¿Para comer? - Why do you use "para" here? What does "para" mean in this phrase?

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¿Para comer? - Why do you use "para" here? What does "para" mean in this phrase?

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updated FEB 8, 2010
posted by thaibean06

3 Answers

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Literally it means "for to eat," and, believe it or not, English used to actually have that construction, but it is now antiquated (no longer used).

Maybe that's what we see in the old song, "Polly Wolly Doodle"

  • Oh, I went down south for to see my Sal
  • Singing Polly Wolly Doodle all the day
  • Oh my Sal she am a spunky gal
  • Singing Polly Wolly Doodle all the day.
updated FEB 8, 2010
edited by Goyo
posted by Goyo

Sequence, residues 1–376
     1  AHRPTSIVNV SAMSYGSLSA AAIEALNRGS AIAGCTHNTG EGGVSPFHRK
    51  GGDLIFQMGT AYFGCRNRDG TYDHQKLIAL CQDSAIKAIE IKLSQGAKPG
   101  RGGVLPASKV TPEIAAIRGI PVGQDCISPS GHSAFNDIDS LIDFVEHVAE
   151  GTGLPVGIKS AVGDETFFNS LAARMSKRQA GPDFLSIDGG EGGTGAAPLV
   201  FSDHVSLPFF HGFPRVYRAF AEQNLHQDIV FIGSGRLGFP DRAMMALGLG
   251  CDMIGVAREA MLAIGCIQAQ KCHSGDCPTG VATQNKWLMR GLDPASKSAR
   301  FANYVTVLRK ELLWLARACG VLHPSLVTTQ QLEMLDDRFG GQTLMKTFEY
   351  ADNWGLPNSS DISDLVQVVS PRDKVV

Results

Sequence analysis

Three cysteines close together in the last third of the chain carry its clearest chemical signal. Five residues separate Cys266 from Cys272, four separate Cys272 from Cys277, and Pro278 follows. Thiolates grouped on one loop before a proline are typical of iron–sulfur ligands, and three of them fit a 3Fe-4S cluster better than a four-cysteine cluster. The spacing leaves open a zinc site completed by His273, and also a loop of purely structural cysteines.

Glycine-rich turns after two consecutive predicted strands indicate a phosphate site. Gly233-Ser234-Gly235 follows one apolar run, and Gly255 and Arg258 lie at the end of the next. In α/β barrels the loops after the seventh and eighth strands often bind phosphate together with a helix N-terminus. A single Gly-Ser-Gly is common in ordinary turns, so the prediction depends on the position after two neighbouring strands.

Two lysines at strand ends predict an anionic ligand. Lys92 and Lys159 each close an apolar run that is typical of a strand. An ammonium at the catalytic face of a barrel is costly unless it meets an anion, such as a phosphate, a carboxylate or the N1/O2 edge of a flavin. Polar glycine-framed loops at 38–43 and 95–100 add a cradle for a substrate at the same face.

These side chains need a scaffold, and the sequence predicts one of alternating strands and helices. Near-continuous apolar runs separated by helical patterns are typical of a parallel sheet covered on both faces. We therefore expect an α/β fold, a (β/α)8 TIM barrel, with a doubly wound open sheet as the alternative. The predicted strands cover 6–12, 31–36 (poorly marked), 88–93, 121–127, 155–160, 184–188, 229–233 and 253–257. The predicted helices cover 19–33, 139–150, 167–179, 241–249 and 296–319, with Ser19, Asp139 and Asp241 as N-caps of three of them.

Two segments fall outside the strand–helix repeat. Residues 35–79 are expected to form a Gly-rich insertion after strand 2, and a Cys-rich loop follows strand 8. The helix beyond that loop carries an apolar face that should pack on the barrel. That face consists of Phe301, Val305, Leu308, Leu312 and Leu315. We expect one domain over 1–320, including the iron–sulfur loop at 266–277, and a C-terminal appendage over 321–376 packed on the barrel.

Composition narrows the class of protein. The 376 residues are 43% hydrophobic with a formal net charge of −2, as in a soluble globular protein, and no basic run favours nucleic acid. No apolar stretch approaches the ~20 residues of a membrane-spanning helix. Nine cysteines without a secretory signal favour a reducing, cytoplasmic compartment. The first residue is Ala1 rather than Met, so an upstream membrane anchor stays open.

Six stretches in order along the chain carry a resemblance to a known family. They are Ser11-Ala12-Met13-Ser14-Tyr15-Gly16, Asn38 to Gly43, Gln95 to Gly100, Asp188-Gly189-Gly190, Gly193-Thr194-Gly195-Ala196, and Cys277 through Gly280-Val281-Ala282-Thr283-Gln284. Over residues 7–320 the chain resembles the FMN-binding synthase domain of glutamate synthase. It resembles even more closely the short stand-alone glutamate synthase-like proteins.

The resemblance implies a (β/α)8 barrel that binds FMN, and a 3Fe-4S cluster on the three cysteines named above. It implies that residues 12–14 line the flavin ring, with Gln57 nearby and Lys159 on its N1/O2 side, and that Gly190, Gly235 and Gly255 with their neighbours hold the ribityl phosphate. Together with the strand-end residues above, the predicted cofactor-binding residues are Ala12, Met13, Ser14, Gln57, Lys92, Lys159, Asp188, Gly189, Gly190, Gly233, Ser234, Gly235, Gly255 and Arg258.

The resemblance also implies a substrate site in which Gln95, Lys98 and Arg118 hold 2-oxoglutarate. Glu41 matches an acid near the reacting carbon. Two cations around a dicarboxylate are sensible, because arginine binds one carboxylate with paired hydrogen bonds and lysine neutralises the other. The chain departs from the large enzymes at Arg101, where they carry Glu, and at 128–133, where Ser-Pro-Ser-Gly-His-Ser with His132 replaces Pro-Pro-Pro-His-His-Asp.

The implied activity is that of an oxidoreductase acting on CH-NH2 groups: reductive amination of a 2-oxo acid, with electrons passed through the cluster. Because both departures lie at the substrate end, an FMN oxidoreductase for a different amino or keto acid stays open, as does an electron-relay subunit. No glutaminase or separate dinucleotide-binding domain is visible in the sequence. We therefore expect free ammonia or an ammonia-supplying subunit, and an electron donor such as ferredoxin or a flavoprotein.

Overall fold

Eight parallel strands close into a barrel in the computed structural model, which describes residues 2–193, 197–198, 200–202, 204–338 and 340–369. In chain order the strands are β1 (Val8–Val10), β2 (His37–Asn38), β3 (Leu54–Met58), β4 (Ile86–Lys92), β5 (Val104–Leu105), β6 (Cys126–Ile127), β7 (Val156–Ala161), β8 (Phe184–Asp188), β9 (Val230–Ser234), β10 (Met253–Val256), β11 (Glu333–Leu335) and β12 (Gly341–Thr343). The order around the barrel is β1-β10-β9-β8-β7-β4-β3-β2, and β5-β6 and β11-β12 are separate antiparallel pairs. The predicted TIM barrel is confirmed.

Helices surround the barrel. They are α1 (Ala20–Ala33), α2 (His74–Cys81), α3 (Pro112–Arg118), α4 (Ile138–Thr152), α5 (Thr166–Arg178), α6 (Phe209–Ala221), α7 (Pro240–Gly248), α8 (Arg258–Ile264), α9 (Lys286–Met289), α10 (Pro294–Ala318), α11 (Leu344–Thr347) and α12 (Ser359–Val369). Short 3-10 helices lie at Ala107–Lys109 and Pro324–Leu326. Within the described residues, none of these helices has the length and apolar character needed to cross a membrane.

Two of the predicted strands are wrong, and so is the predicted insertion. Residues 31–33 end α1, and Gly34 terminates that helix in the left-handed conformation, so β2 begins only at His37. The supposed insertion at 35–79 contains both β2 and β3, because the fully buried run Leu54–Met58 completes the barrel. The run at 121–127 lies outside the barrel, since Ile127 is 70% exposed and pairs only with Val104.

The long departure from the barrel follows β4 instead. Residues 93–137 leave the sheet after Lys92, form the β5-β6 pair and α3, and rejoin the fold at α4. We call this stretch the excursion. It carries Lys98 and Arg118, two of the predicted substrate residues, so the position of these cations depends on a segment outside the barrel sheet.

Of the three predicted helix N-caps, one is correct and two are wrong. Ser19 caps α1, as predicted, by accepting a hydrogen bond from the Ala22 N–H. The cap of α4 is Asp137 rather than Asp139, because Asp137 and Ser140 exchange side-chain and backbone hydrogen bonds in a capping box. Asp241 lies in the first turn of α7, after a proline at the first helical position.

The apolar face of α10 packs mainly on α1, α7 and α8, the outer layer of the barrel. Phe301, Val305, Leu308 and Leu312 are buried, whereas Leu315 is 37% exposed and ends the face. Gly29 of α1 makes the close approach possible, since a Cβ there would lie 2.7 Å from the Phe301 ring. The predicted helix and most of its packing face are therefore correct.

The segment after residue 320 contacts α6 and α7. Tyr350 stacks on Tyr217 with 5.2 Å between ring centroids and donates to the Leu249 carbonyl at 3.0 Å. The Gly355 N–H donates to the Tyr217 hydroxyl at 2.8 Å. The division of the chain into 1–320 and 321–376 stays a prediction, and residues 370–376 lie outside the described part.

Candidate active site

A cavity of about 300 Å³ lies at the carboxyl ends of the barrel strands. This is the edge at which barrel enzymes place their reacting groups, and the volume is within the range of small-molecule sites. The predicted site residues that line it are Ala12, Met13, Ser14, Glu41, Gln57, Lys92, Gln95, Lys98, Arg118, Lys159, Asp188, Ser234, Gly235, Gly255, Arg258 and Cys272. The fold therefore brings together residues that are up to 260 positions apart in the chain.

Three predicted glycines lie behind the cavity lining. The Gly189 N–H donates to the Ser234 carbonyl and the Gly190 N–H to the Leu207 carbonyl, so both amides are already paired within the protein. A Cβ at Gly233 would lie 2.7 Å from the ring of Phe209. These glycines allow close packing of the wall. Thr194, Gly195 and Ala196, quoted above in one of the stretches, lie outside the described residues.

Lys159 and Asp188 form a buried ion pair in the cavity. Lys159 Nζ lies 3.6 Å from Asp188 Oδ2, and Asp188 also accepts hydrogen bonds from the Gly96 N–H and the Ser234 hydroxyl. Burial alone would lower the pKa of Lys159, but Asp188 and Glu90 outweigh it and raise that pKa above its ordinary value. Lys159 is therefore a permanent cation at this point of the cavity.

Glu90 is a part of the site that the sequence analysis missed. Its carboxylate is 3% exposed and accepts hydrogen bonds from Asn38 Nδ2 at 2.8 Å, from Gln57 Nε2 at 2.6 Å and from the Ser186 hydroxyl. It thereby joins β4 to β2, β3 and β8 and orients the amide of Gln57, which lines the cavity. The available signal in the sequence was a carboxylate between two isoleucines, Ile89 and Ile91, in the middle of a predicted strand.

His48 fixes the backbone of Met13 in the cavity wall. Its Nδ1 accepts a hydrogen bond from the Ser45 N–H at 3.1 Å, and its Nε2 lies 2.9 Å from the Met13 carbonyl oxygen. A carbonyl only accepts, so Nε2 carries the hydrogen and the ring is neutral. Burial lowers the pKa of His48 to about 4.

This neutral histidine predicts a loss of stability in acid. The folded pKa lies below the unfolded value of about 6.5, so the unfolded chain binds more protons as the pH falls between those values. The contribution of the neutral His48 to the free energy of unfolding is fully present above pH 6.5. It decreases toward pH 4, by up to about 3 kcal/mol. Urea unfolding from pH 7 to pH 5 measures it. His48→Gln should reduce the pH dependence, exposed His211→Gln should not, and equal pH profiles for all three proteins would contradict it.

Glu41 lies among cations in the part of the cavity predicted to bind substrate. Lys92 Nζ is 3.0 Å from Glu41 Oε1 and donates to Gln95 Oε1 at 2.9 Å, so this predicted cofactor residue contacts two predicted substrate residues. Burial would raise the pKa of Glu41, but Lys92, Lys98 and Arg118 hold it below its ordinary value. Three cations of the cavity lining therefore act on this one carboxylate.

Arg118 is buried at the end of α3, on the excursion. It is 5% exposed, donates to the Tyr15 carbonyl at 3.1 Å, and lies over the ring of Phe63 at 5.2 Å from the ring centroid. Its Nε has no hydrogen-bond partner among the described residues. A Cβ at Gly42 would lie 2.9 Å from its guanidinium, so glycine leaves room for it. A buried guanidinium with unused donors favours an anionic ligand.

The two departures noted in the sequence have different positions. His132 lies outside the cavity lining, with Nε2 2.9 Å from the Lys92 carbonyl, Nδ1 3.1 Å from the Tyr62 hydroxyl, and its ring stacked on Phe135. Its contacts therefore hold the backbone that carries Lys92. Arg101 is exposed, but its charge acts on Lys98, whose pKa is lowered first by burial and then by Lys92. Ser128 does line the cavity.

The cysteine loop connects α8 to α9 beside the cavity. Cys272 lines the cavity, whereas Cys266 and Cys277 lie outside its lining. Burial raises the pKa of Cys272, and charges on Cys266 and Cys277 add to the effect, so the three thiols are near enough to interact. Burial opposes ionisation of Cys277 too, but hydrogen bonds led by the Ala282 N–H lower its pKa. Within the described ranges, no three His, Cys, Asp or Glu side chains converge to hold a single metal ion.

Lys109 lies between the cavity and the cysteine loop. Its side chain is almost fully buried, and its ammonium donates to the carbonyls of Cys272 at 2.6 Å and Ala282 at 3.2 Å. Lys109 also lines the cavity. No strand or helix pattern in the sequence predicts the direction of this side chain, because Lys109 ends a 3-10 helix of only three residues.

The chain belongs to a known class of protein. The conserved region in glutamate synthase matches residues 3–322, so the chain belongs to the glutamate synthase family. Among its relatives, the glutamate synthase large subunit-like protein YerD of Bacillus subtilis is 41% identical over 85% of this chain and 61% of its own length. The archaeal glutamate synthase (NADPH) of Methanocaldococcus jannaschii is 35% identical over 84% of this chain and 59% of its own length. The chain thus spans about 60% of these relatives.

Hehe, that's it!
How funny is that?! What a perfect example! I will share this with my students!
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Para comer = in order to eat / to eat.

Literally it means "for to eat," and, believe it or not, English used to actually have that construction, but it is now antiquated (no longer used).

Cociné la comida para comerla.

I cooked my food for to eat it. (literal translation, antiquated English)

I cooked my food in order to eat it. (good, but wordy)

I cooked my food to eat it. (preferred)

updated FEB 8, 2010
posted by webdunce
Great explaination! Another way that might help to understand this type of construction is to consider "Comer" a gerund rather than as a verb. "What do you want for eating?"
Hey, that might even be a better to look at it Julian, thanks for the input.
...better W A Y to look...
You explained that very well, thank you!
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¿Que quieres para comer? o ¿Qué quieres de comer? What do you want to eat?... Both sentences are correct and mean exactly the same

updated FEB 8, 2010
posted by Benz
I was not aware of the querer + de + infinitive construction. Thanks.
It might be grammatically incorrect. The fact is that we use it as often as "para comer". We also say "¿Qué querés comer hoy?" The three examples sound perfectly normal to me :)
Thank you! You guys are so smart!